Institut für Anorganische Chemie

Dr. Bettina Bechlars


Chalcogenometalates are excellent ligands for transition metals. Especially tetrathiometalates of Mo and W were used to synthesize heterobimetal clusters. Considering the importance of heterobimetal clusters in bioinorganic chemistry, catalysis, and medicine, it is not surprising that a lot of work has been done in this area. Many new V-M-S clusters (M = Fe, Cu, Ag, Au) were obtained, but the coordination chemistry of chalcogenoniobates and -tantalates was only examined in the last few years. A number of Nb/Ta-M-Q clusters containing M = Cu, Ag were synthesized, but only a few with M = Fe, Co, Ni. To us it is interesting to examine the structures and properties of new clusters of that kind and find out similarities and differences compared to known species.

In some cases it is a big challenge to explain the charge distribution, the binding situation, the magnetic behaviour, the redox properties and the reaction abilities of these new compounds. If you know the structure of a compound that contains several metal atoms you can usually find a number of reasonable ways to explain the charge distribution and the related bonding situation or magnetic behaviour. Therefore it is necessary to use different analysing methods and also theoretical approaches to come up with a plausible explanation.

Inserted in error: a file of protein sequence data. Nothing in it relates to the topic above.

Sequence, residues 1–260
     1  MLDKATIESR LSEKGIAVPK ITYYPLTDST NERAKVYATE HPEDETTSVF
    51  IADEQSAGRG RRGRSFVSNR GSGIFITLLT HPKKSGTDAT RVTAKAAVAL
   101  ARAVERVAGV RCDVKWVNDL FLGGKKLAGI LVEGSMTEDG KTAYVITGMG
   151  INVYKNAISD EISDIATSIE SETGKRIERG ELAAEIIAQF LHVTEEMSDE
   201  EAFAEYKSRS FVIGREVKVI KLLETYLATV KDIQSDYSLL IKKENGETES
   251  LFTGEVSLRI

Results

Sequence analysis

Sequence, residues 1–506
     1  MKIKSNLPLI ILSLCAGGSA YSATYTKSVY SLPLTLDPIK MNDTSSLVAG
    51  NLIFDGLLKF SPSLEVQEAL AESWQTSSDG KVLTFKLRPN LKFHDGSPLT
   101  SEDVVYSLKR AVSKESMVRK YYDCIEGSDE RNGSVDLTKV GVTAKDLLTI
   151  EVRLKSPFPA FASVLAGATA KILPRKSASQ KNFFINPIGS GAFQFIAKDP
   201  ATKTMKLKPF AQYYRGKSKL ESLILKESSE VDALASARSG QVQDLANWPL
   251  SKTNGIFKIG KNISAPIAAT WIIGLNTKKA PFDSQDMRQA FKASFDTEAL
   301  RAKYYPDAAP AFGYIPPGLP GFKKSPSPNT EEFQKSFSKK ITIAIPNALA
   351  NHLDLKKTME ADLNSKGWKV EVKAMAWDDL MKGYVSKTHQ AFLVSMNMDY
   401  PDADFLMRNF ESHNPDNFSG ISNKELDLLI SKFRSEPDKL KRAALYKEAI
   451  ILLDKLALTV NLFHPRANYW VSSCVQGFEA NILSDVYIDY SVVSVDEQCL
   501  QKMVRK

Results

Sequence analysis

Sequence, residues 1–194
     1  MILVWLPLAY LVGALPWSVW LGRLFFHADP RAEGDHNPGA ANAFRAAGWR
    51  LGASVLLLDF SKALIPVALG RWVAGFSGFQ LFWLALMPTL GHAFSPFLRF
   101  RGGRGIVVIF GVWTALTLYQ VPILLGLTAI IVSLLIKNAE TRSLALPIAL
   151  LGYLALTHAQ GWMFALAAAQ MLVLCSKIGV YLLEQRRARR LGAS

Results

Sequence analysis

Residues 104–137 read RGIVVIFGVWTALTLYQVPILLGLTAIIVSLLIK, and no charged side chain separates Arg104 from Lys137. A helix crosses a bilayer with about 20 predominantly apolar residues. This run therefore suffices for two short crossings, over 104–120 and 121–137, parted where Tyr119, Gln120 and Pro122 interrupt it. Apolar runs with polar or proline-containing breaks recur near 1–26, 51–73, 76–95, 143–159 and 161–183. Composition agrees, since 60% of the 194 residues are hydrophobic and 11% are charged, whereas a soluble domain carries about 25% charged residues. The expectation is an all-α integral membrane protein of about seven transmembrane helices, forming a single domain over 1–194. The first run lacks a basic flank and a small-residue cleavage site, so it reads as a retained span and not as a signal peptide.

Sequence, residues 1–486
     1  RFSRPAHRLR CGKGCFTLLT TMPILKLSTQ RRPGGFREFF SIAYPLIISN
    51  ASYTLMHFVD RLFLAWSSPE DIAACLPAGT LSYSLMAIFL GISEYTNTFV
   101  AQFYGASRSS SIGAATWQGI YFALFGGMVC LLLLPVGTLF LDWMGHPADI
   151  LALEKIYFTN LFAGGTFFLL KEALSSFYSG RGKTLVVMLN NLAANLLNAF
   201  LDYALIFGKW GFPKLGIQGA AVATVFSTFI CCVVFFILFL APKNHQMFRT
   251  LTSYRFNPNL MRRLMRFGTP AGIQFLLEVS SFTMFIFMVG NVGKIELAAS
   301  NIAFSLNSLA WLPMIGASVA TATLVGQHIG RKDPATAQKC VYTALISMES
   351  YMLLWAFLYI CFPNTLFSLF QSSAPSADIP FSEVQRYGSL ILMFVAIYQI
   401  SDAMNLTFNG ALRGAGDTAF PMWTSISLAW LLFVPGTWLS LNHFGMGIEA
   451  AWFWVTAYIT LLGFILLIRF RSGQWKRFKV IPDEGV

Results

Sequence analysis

The following picture represents one of the new compounds. It looks fairly simple. But it does not possess a trivial bonding situation and a lot of different measurements have to be done to fully understand the bonding situation, magnetic behaviour, redox properties, etc.

Abb.1 [Nb2Fe6Q2(QPh)4X2(MeCN)4] (Q = S, X = Cl 5; Q = Se, X = SePh 6)

The described field of study represents the possibility to not only get trained in synthesis, but also in different analysing techniques and the following interpretation of the collected results. It is therefore a challenging and diversified job to work on this topic.